The possibility of partial damage to North Korea’s Yongbyon Nuclear Center due to heavy rain has been raised.
“Commercial satellite imagery of the Yongbyon Nuclear Scientific Research Center from August 6 reveals significant flooding along the Kuryong River. The August 6 imagery, when compared to imagery from July 22, shows a dramatic rise in the water level of the Kuryong River,” the U.S.-based media dedicated to North Korean matters, 38 North, reported on Wednesday (local time). “The overfall dam that was built to ensure a constant reservoir of water and is available for cooling the reactors was also fully underwater.” 38 North also suspected that the facilities’ power and cooling water supply systems were damaged.
Experts believe that cooling water supply to the 5 MWe Reactor and the Experimental Light Water Reactor (ELWR) is facing issues due to damage to the cooling water supply system. Both facilities have been known to have suspended operating since 2018, but the consistent water flow is necessary for normal operation.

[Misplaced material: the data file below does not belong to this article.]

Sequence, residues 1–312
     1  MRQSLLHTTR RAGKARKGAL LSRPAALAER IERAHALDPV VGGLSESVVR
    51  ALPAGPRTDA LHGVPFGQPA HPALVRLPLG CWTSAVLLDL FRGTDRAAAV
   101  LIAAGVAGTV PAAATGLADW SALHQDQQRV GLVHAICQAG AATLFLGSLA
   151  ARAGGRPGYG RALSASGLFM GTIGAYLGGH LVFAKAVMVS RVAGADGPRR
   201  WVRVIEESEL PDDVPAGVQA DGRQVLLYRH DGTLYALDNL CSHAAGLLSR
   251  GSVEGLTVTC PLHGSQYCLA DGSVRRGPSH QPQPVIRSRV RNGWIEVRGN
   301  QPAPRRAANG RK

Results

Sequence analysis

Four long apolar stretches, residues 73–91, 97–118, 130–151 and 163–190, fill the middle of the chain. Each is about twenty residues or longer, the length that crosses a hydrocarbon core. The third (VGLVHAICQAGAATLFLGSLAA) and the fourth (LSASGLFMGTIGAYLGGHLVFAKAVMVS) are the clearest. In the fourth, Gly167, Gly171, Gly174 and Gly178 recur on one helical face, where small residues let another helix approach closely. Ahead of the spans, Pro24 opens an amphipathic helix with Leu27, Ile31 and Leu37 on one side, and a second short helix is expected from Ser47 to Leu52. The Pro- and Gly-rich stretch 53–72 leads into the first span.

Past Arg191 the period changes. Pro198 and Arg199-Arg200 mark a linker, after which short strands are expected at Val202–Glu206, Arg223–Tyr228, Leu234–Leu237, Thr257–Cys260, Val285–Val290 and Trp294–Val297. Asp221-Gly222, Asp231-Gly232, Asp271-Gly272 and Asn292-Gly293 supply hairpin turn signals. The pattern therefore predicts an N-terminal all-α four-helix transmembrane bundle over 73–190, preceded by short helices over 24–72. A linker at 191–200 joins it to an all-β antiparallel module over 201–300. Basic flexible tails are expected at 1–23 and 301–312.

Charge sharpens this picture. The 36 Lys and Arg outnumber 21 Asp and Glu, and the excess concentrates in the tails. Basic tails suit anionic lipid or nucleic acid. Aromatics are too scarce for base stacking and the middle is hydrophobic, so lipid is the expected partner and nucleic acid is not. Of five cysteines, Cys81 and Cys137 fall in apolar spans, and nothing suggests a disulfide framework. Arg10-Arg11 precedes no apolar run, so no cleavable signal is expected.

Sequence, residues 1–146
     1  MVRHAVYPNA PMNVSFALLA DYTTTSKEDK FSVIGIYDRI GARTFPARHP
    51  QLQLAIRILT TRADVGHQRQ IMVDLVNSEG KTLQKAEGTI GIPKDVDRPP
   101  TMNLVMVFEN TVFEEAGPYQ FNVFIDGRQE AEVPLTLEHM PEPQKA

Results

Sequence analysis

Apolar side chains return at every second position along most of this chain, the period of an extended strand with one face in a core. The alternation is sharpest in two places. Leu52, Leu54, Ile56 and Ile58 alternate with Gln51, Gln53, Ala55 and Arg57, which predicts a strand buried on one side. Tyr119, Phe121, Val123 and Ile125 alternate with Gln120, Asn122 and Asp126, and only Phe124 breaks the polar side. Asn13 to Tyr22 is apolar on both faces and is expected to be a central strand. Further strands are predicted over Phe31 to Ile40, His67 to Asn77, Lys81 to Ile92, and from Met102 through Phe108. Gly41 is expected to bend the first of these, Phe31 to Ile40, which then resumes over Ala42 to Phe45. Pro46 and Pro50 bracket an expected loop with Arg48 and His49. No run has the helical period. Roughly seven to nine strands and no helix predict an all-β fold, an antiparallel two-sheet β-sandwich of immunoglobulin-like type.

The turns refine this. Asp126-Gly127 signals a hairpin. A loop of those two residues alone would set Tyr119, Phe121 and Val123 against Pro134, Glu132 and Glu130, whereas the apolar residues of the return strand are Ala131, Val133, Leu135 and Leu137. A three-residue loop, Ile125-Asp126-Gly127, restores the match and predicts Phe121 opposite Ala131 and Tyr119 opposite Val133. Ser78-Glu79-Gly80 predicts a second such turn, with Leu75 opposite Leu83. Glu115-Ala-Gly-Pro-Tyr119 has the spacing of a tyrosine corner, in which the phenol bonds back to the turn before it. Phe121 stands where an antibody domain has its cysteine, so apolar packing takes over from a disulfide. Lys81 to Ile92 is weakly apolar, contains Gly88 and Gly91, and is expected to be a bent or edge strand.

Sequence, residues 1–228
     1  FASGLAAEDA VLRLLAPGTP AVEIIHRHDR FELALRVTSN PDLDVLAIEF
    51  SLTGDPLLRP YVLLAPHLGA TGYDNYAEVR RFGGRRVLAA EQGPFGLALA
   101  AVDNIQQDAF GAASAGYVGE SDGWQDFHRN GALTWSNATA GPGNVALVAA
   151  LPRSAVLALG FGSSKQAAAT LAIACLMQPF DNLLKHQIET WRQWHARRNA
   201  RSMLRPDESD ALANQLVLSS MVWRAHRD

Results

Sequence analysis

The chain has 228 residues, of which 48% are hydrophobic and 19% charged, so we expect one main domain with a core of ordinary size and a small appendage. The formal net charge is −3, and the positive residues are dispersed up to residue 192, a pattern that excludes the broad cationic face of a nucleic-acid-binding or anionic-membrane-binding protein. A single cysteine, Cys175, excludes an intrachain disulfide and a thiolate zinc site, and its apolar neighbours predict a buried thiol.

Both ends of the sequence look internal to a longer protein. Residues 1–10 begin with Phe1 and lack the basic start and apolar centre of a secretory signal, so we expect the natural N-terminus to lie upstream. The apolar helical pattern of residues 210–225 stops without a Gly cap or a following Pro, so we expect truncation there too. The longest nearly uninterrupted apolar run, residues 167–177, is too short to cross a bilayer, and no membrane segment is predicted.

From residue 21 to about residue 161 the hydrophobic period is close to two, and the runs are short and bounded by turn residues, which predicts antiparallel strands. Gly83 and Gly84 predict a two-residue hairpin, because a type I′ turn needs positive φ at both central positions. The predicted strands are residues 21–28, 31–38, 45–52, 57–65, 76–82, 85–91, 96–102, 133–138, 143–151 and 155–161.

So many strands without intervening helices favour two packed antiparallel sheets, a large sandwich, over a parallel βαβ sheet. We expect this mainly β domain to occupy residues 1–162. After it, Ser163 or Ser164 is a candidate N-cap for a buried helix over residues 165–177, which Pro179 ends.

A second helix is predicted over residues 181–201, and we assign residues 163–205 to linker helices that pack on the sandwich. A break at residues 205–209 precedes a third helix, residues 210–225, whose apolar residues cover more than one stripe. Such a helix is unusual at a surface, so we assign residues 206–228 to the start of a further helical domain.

Partial coverage of the area from August 8 and 11 shows the waters have retreated, suggesting that the major facilities within the complex, such as the Uranium Enrichment Plant (UEP), have been spared, said 38 North. It has been reported that the South Korean military has also confirmed partial damage from heavy rain in the Yongbyon Nuclear Center region but no unusual sign in the operation of the nuclear facilities. According to a source, the South Korean intelligence authorities also believe that there is no sign of the 5 MWe Reactor's resumption but the UEP continues to operate.
Kyu-Jin Shin email@example.com